~ Alan Lakein, author
“Awareness precedes change.“
~ Robin Sharma
Every month of the year different health observances take place around the country to raise awareness about a health condition or disability. Knowing what’s on the calendar gives Parent Centers time to plan ahead, prepare resources to highlight that disability or condition, and take part locally.
This Buzz gives you a taste of what awareness campaigns are going on this month (March) and in April. We’re pleased to close with 2 transition-to-adulthood resources from Parent Centers.
Our best to you,
The CPIR Team
March Awareness of TBI and Concussion
Take Part in the Campaign
The Brain Injury Association is a great resource to turn to for info about traumatic brain injury and about this year’s #MoreThanMyBrainInjury campaign. Follow the link above to find out how you can get involved and what tools and materials are available.
Center for Brain Injury Research and Training (CBIRT)
CBIRT offers many useful resources tailored for parents and caregivers and other specific audiences (e.g., administrators). Check out the Academic Accommodations Matrix, for example, and CBIRT’s Family Advocacy Skills Training, which is a step-by-step handbook for family advocates.
To help you plan ahead and join in with April’s health observances, here are two awareness campaigns to explore.
National Autism Awareness Month
Led by the Autism Society, which offers in-depth info on the autism spectrum.
National Minority Health Month
(Also available in Spanish: Saber es salud)
Led by the U.S. Department of Health and Human Services (HHS) Office of Minority Health (OMH) to highlight the importance of improving the health of racial and ethnic minority and American Indian/Alaska Native (AI/AN) communities and reducing health disparities. Want to learn more about providing culturally and linguistically appropriate services (CLAS)?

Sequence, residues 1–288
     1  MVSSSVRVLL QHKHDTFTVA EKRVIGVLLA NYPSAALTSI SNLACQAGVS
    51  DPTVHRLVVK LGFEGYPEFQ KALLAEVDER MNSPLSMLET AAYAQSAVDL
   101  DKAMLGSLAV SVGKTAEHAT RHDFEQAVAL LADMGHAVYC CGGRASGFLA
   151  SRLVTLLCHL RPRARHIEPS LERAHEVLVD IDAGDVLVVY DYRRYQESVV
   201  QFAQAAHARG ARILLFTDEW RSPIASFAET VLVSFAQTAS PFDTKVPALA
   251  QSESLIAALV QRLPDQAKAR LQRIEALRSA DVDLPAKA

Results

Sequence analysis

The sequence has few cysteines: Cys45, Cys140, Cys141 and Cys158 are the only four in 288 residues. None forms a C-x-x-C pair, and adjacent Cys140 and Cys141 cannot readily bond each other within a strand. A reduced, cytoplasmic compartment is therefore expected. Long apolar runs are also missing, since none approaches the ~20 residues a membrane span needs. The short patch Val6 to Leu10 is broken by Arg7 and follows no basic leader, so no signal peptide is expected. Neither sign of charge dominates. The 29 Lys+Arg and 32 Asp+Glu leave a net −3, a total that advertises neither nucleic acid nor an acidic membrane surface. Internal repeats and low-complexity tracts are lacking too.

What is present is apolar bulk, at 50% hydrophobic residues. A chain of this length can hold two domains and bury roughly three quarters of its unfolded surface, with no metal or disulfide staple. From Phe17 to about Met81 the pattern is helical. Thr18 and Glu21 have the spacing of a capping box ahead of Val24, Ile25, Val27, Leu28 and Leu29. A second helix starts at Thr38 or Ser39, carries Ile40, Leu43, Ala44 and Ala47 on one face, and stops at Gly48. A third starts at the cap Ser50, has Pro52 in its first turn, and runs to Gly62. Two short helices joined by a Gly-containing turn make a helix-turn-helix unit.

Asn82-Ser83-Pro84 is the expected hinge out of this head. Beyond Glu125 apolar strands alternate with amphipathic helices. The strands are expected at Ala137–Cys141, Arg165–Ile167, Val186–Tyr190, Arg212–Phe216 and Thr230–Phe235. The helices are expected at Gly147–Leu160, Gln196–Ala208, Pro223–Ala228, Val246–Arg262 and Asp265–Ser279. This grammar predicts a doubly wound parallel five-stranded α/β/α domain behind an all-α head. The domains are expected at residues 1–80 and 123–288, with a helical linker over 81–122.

What about events and campaigns for the rest of the year?
Visit the 2023 Health Observances Calendar!
Transitioning to Adulthood
Candid Conversations: Handing Over the Reins
This full-feature film addresses many questions and concerns parents and self-advocates have about supporting youth with disabilities as they transition to adulthood, including understanding the importance of self-advocacy skills. The entire film is 1 hour and 17 minutes, but it’s divided into three smaller parts for your viewing ease. Parts are: (1) Hopes and Dreams (@ 25 minutes); (2) Independence & Advocacy (@ 33 minutes); and (3) A Few Words of Advice (@ 21 minutes). From the NY Region 1 PTI Collaborative, with partners.
Transition Planning for Teens and Tweens
A special project of Parents Helping Parents in CA, this transition package will be useful to PTIs and CPRCs in other states, too. Includes multiple parts, such as self-advocacy, education and training, work preparation, and adult life for people with disabilities.
Center for Parent Information and Resources
c/o SPAN, Inc.
35 Halsey St., Fourth Floor
Newark, NJ 07102
Publication of this eNewsletter is made possible through Cooperative Agreement H328R180005 between OSEP and the Statewide Parent Advocacy Network (SPAN). The contents do not necessarily reflect the views or policies of the Department of Education, nor does mention of trade names, commercial products, or organizations imply endorsement by the U.S. Government or by the Center for Parent Information and Resources.